various artists, |
Orain Nan Gaidheal
(The Song of the Gael)
Recorded live at the famous Edinburgh International Festival in 1997, this recording features outstanding performances by a wide array of Gaelic singers. The eighteen tracks by eighteen artists represent a small portion of the series of seven concerts, plus a church praise service, produced by Proiseact nan Ealan (The Gaelic Arts Agency). These carefully chosen tracks show the diversity of Gaelic song and the passionate, heartfelt delivery of its singers.
Singers rarely accomplish the perfection in live performance that they crave for recordings, but these songs are beautifully and artistically sung, without a bum track on the album. The choice of material ranges from puirt-a-beul (mouth music) to laments, from music based on music of the bagpipes to songs written solely to convey the soulful emotions of the author, emphasizing words, not melody. Most of the material is sung a capella, giving the music the stark, emotional sound that suits its ancient nature.
Songs and singers are equally remarkable on this recording. With a warm, flowing voice, Ishbel MacAskill sings an Isle of Lewis favorite, "An Aitearachd Ard," which sings the praises of the land. Na Caimbeulaich, a family quintet from Skye, sings a series of mouth music, including "Come with Me, My Brown-haired Lad," "There's a Man on the Hill," The Ewe with the Crooked Horn," and "The Duck's Nest." Nationally known Lewis singer Murdo MacDonald sings a farewell to his beloved Isle of Lewis, "Slan le Leodhas nam Beann Fuar."
Mary Ann Kennedy sings a Ruairidh Dall Morrison song, "Oran do dh'lain Breach MacLeoid," complete with rolling harp accompaniment. Lewis native Mary Smith sings the sad, lamenting " 'S ann mu an tacsa'n de," while Roddy Campbell sings the upbeat rowing song, "Beinn a' Cheathaich." Catherine-Ann MacPhee sings "Gur e Mo Chille Dubhdhonn," with the audience singing the response chorus of "He's my dark-haired lad...." Kenna Campbell sings the comic heroic saga of a cock fight on "Coileach Peigi."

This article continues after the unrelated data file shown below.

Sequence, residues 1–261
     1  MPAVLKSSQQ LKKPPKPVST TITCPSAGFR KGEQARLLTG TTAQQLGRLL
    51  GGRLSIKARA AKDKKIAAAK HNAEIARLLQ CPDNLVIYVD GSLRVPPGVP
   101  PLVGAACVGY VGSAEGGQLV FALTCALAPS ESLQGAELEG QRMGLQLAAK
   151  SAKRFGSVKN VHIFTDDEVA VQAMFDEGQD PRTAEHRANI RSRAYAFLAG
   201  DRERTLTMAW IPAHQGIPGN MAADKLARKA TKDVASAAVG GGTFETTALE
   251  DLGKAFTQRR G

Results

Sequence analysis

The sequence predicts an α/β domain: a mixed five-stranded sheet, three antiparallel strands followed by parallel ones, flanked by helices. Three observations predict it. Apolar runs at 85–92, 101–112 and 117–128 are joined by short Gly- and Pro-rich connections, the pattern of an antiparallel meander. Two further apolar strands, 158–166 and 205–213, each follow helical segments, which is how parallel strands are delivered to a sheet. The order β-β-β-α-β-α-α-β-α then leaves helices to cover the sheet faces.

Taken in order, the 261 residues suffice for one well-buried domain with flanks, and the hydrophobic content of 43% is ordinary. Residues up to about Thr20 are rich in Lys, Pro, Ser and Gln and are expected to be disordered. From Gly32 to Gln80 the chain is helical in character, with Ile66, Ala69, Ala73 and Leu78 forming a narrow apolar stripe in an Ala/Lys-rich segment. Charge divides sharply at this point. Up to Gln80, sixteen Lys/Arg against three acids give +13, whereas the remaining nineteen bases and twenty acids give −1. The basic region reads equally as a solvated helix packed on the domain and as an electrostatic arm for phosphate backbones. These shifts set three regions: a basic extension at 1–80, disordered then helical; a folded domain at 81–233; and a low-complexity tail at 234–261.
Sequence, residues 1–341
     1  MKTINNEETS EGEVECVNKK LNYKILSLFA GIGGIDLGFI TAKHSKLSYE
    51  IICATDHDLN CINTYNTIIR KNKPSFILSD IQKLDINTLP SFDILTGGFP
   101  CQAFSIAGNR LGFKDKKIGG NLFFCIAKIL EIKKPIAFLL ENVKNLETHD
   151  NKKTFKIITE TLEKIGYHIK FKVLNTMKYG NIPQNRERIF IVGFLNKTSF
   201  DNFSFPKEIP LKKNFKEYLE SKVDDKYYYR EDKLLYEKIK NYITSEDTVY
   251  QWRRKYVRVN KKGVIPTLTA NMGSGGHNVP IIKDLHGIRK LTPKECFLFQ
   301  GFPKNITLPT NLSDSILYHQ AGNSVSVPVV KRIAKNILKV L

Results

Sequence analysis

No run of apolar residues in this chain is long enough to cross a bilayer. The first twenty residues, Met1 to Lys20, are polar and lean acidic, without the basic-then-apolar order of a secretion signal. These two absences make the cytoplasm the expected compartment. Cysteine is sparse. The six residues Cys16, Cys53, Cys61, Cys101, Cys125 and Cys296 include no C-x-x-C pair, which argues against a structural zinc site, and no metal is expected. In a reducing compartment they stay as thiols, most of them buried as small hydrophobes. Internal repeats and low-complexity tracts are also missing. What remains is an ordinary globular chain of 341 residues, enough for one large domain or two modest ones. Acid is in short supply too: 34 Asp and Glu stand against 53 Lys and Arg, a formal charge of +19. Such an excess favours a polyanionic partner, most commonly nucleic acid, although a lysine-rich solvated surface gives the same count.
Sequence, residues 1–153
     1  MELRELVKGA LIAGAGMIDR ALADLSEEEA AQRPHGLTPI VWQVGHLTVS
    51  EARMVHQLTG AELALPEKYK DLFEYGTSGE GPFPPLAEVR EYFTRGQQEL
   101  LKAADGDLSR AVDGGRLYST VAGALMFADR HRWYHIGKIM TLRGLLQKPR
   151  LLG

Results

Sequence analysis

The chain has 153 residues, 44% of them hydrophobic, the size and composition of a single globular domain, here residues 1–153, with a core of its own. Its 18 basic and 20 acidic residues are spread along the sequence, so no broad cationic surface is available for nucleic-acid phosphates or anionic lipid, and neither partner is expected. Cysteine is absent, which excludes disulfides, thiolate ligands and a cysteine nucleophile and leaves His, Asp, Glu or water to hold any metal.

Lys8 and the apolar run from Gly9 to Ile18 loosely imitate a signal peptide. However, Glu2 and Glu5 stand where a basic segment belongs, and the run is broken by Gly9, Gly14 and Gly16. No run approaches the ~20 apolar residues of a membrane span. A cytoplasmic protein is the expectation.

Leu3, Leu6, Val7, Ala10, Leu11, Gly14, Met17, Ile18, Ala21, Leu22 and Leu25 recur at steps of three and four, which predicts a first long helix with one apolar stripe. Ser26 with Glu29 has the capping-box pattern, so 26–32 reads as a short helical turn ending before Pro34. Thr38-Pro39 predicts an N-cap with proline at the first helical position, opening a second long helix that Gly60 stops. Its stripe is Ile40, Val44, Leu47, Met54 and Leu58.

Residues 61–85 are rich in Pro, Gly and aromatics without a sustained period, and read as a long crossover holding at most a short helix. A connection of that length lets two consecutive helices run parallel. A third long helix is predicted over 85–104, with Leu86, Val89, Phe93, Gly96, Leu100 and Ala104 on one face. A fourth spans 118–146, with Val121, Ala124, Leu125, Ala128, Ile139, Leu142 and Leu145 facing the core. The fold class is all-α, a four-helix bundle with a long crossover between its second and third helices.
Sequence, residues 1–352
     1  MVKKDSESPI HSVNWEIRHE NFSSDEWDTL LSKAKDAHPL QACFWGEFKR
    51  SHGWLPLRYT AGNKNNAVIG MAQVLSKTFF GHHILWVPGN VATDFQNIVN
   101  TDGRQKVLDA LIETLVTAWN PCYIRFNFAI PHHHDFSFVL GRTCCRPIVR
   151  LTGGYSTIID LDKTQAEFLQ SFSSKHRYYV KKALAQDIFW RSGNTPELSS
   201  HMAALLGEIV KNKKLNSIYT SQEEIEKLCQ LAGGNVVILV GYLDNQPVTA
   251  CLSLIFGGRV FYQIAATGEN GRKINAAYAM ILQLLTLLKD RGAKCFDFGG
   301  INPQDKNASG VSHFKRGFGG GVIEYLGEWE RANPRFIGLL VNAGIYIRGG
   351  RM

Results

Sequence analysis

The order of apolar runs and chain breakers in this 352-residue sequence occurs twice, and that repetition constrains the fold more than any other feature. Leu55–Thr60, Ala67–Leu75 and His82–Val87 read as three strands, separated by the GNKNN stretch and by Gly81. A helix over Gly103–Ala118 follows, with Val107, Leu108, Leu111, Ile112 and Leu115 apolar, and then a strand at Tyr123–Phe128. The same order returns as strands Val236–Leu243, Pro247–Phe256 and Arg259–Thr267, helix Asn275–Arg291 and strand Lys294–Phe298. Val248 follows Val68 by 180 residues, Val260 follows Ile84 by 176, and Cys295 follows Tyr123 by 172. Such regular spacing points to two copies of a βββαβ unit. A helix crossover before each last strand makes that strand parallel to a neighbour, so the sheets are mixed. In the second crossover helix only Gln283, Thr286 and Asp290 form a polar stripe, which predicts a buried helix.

Margaret Stewart's beautiful, rhythmic rendition of "Uamh an Oir" is based on the Cave of Gold legend of a piper who goes into a cave with a morbid history, and plays his pipes to tell those outside the cave that he is being attacked. Stewart has been a key figure in the study of Gaelic song and its relationship to pipe music.
1996 gold medal winner Donnie MacLeod sings with lilt and heavy ornamentation on "A Bhliadhna gus an Aimsir Seo." Beautifully self-accompanied on clarsach (small harp), Maggie MacInnes' song "Chan e Caoidh Mhic Shiridh" laments the author's loss of her brother to the harsh sea.
One of my all-time favorite vocalists, Margaret Bennett, gives a chilling performance of "Griogal Cridhe" (Beloved Gregor). She is joined by the audience on the chorus, citing "great, great is my sorrow" in stirring unison and beautiful harmonies. Seumas Campbell steps into the limelight from his family's group, Na Caimbeulaich, to sing a lament for "MacGregor of the Banners," who was hanged in Edinburgh after an elaborate deception. Maeve MacKinnon and Cathy Campbell, a daughter-and-mother duo, sing a well-known lament from South Uist, "Di Sathuirne ghabh mi Mulad."
A song celebrating victory in battle, "A' Mhic Lain 'ic Sheumais" is sung with passion and flair by Flora MacNeil, her strong, experienced voice perfectly fitting the motherly role of the song's lyrics, which address her wounded but victorious son Donald. Rona Lightfoot sings the canntaireachd (oral teaching tradition for pipe music) for "Ruileadh na Coilich Dhubh; Ruile Bean Aonghais," deftly albeit uncharacteristically accompanied by Rory Campbell on Scottish small pipes. (You seldom hear canntaireachd and pipes played together.) The one non-vocal track on the recording features the piping of Fred Morrison on part of a piobaireachd "Cumha Mairi Nighean Alasdair Ruaidh (Lament for Mary MacLeod)." Murdo MacLeod closes the recording with the distinctive Gaelic psalm-singing tradition on "O Sibhse tha 'nur fireanach," which captures the joyful yet mournful spirit of this unusual church music style, complete with congregational participation.
This is a delightful collection of traditional Gaelic songs, sung by the best of Gaelic singers. This would be a great way to experience a little bit of the Edinburgh Festival if you cannot make it there.
[ by Jo Morrison ]